Despite everything from my blogs related to products and other events through Future Horizon’s, I have to once again realize the origins of these blogs. That is to write about topics are of scholarly value while others in practical application. Here, I would like to once again write about autism and traveling through an airport. Yes, it has been a while since I have put my peddle to medal and really talk about more things that I feel anyone could benefit from. Without further delay, here are more things I have considered.
Foremost, about a handful of airports, including Hartsfield-Jackson International airport have opened sensory friendly. To name a few others, Cork International Airport in Shannon Ireland, Heathrow International Airport, and Myrtle Beach International. Beyond that, officials from Pittsburg International came to visit Hartsfield with the purpose of designing a third sensory room in the US. Looking at their website, they stated that they have spoken with the public of how a sensory room should look like. A few suggestions were
Calming activities for children
As someone who have spent lots of time with the “Wings for Autism/All” events and the “Taking Flight: Autism Worldport Rehearsal Tours,” I support all of the above, being that autism can affect one’s sensory issues. That Hartsfield-Jackson being so big, I warmly welcome closing down the smoking lounges and converting them into other sensory rooms. Right now the option is to go all the way to concourse F, they locate which just inside the international terminal. Otherwise, finding the quietest spot at another concourse at an empty gate, discovering nooks inside each gate, and even walking downstairs with the tunnels and the electric train are. Even more so, since there are only a handful of sensory friendly rooms in international airports, out of 40,000, other options have to select.
On another note, families have the option of investing in noise canceling headphones which are wireless. After doing thorough research of trying out and looking into price options, I found that Sony really has the best quality for families who have loved ones with sensory processing disorders and other factors that trigger their anxiety. Yes, Sony and Bose offer a more peaceful experience for an autistic, this is a very costly investment. The average price of good quality noise-canceling headphones comes in at the price of $300-$400. In that case, a family night needs financial aid to help their child. Yes, there are cheaper options out there. For instance, Sony offers a pair of $50.00 noise-canceling headphones that required being plugged into a phone. Others only work when paired with a phone or plugged in. Unlike the Sony or Bose, listen to music. Still, they are thick enough to muffle loud, surprising and overwhelming noises. That said, if noise cancelling headphones are not an option, one can invest in getting a pair of headsets or old-fashioned foam earplugs.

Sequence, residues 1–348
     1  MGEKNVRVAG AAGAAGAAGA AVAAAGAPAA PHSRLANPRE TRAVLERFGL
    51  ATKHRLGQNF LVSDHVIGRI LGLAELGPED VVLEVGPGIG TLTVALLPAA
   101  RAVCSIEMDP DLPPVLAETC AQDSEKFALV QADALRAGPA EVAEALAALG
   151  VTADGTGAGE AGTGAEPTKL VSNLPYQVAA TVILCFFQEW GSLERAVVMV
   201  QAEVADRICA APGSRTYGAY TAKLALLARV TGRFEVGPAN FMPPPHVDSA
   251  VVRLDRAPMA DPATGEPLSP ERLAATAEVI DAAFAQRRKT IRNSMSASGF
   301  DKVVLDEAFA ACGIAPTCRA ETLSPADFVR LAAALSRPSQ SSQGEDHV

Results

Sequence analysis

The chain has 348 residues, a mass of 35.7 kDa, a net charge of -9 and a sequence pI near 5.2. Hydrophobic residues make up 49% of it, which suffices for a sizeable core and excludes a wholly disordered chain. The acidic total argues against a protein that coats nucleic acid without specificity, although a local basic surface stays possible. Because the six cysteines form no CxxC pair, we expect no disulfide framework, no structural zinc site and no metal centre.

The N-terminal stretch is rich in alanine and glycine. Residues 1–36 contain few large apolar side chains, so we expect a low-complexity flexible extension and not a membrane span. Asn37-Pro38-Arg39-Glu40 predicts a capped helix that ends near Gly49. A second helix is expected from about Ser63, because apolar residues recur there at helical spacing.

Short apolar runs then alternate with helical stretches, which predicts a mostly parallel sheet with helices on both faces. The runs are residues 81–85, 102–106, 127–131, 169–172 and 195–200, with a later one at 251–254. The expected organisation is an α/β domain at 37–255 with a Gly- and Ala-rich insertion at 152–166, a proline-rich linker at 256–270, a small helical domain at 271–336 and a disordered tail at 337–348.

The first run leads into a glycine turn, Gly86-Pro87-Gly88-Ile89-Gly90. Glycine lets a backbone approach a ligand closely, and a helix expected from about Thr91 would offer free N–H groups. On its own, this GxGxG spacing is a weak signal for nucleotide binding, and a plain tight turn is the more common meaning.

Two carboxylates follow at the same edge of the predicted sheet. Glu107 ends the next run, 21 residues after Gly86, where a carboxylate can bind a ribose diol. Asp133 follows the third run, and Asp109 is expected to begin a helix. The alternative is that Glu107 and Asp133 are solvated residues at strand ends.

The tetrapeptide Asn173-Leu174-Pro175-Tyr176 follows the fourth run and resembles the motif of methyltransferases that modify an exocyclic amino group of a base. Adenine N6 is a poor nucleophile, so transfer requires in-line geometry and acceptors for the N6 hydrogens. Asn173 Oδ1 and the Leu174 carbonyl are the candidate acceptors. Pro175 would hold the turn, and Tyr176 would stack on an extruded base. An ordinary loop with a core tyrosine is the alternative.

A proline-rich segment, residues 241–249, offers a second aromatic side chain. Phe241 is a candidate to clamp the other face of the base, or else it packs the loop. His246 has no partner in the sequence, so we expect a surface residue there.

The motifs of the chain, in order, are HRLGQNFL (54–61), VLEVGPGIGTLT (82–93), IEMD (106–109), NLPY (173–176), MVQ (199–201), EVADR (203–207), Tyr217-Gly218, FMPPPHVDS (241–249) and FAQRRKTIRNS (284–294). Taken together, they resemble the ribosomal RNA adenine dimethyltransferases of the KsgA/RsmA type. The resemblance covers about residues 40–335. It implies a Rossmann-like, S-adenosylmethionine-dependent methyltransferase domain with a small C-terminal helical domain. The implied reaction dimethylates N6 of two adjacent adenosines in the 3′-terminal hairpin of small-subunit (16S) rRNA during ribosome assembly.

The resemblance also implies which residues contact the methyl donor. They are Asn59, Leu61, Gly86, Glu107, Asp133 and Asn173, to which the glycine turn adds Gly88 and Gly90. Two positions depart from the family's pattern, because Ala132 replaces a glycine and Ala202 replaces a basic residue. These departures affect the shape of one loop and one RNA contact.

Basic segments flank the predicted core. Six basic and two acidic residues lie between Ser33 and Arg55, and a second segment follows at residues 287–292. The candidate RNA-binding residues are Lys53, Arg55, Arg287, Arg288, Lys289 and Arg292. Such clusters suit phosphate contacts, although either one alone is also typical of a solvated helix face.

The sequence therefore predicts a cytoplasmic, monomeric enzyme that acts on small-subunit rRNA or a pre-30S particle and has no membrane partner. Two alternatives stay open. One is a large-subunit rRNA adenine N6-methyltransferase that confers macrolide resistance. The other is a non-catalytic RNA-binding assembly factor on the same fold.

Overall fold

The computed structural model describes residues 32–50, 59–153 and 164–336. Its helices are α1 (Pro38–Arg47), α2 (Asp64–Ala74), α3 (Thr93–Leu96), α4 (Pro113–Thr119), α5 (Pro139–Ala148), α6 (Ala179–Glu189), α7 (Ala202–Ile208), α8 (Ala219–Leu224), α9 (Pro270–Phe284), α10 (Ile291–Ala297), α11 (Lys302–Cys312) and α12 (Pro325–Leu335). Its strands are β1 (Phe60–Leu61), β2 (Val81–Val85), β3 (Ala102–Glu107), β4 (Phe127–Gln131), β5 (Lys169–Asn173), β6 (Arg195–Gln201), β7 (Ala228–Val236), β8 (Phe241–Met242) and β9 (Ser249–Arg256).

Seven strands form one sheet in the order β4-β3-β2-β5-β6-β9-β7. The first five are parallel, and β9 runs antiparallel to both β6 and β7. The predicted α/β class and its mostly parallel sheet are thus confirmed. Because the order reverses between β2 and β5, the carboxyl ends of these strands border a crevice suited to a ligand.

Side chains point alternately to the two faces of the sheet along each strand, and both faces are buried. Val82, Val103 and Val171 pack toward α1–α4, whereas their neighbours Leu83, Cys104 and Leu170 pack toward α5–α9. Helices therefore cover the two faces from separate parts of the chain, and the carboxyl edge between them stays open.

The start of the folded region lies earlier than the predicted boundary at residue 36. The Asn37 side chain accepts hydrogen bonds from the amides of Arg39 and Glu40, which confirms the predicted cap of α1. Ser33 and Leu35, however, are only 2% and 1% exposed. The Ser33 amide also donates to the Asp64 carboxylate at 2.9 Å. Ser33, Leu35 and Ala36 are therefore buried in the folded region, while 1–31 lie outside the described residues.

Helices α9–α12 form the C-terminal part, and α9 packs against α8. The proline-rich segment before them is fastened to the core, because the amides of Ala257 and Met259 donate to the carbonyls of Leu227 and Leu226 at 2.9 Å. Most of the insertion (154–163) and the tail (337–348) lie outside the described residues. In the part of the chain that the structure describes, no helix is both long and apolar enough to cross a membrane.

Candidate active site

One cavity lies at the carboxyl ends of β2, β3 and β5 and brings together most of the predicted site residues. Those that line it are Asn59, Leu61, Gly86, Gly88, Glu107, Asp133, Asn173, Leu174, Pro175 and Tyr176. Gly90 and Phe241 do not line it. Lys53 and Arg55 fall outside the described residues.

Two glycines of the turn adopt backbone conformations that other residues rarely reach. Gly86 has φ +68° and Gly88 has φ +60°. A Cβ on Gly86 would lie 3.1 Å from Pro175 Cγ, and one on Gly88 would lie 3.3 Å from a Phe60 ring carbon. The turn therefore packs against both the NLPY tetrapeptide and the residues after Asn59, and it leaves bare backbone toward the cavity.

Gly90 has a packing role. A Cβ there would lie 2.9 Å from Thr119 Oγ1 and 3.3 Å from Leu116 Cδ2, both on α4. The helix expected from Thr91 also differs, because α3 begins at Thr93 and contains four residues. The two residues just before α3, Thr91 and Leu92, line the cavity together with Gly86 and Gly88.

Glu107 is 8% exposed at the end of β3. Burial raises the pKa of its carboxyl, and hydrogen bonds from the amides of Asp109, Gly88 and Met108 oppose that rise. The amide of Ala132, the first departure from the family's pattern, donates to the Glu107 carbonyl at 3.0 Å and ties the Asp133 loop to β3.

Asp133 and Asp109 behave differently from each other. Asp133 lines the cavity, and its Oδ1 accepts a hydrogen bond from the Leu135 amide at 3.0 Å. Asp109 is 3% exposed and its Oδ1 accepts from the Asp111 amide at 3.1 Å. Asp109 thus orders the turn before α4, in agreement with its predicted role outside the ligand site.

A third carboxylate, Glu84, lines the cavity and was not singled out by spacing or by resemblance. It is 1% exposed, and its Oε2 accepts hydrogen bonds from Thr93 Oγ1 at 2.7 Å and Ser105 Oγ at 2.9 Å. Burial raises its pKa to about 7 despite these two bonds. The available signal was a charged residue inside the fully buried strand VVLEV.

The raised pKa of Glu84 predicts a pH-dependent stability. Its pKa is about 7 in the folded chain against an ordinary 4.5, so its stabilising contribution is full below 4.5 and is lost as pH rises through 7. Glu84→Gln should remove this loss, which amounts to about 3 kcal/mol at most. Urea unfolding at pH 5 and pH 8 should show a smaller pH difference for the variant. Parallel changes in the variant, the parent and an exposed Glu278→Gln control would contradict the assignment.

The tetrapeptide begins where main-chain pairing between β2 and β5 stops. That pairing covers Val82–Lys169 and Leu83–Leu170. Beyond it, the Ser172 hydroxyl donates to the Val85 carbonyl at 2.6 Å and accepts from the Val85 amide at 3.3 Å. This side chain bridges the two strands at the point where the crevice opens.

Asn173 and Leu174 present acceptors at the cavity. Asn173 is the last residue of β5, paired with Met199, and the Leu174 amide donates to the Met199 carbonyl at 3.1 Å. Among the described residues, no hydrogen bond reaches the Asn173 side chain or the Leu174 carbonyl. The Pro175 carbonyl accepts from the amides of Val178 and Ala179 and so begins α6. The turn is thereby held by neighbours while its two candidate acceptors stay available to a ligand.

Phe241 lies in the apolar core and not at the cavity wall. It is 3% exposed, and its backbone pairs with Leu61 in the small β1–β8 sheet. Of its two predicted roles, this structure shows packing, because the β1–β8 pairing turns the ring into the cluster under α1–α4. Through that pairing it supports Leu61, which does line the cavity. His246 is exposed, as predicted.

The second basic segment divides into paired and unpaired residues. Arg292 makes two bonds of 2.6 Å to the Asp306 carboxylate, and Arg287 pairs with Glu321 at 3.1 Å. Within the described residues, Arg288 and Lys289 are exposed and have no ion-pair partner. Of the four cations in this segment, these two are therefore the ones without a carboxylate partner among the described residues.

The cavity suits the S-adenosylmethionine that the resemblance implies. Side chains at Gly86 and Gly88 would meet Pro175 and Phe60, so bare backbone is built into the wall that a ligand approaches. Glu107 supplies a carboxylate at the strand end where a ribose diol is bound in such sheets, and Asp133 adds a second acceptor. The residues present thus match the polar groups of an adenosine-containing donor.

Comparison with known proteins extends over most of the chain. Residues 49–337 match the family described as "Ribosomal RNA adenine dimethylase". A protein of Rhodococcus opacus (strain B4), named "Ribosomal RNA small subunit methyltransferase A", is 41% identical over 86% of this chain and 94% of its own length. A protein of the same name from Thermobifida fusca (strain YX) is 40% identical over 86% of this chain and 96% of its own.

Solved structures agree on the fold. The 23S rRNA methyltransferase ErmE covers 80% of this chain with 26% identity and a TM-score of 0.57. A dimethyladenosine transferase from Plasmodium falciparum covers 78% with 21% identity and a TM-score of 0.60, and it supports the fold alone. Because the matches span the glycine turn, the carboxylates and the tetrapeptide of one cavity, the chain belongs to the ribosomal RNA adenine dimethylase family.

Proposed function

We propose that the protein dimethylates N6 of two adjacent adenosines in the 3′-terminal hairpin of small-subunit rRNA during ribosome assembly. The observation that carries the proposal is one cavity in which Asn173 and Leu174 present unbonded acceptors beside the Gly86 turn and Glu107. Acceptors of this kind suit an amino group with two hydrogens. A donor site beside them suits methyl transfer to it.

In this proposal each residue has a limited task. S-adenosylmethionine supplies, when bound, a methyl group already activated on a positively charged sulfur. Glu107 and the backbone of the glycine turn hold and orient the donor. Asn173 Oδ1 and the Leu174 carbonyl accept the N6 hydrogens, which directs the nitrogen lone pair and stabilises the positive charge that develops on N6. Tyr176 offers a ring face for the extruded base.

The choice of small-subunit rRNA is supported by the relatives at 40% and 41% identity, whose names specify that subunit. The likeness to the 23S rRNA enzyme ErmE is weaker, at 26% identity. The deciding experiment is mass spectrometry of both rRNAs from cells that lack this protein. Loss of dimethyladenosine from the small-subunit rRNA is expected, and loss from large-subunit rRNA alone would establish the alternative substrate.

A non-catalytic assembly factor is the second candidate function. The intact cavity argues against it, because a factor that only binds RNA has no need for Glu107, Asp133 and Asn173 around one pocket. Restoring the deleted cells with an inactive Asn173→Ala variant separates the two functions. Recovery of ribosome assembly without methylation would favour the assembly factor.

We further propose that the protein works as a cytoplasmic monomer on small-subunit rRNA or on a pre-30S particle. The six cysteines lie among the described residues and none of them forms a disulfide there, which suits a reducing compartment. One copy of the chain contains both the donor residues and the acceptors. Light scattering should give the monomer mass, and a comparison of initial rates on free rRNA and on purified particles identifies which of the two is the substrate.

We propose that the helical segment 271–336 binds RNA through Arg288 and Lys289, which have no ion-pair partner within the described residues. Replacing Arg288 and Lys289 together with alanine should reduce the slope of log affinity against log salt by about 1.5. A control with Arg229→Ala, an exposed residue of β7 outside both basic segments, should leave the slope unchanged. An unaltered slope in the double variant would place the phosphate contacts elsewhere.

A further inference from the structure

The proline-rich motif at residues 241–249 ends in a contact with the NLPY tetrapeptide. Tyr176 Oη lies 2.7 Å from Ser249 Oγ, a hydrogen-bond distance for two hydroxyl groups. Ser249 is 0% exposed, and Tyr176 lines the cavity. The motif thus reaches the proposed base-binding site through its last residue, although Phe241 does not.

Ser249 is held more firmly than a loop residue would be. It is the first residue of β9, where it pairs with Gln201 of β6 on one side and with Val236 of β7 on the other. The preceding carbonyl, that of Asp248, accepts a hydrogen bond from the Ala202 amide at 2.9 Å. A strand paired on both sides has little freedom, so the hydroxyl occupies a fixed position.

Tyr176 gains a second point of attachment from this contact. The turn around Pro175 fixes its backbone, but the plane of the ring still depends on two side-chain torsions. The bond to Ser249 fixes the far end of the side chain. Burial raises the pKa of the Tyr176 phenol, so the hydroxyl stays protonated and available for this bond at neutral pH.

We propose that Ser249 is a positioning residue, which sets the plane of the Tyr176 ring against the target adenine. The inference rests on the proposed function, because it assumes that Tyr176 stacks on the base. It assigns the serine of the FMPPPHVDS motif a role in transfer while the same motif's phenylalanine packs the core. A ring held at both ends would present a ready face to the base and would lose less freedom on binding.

I for one and a sensory seeker, which means that I enjoy the feeling of the foam when applying the ear plugs in a noisy environment.
Just as importantly, airport personnel needs to know that a passenger has an invisible disability like autism spectrum disorders. Just recently, airports in the UK have adopted the Sunflower lanyard program. This enables autistics to wear special lanyards with Sunflower which tells a worker that the passenger has an invisible disability and may need help. Why just today, while I was at the Wings for All, event, I received a gift bag. Inside contained a bracelet with the Delta logo that lights up in two directions. One one end, the light remains steady, whereas the other, the light will flash. This gave me another idea I think airports like Hartsfield-Jackson will find to be helpful. Like with the sunflower project, autistics would wear similar bracelets that light up while they are at an airport. All the while, they would train all airport personnel to in being able to recognize the illuminated bracelets. Whenever an autistic is about to have a meltdown, their parents and themselves can then switch the bracelet to flashing mode which would notify an airport official they need help. Believe me, I could think about all of this in one afternoon after seeing the bracelet post at the big event.
As I bring this to a close, I really hope that the public has time to read this blog and that these words taken seriously and put into action. Even more so, that families and individuals on the spectrum will feel more comfortable by traveling through an airport.
Dyson, M. (2019). Cork airport rolls out scheme for passengers with hidden disabilities. [Web article]. URL: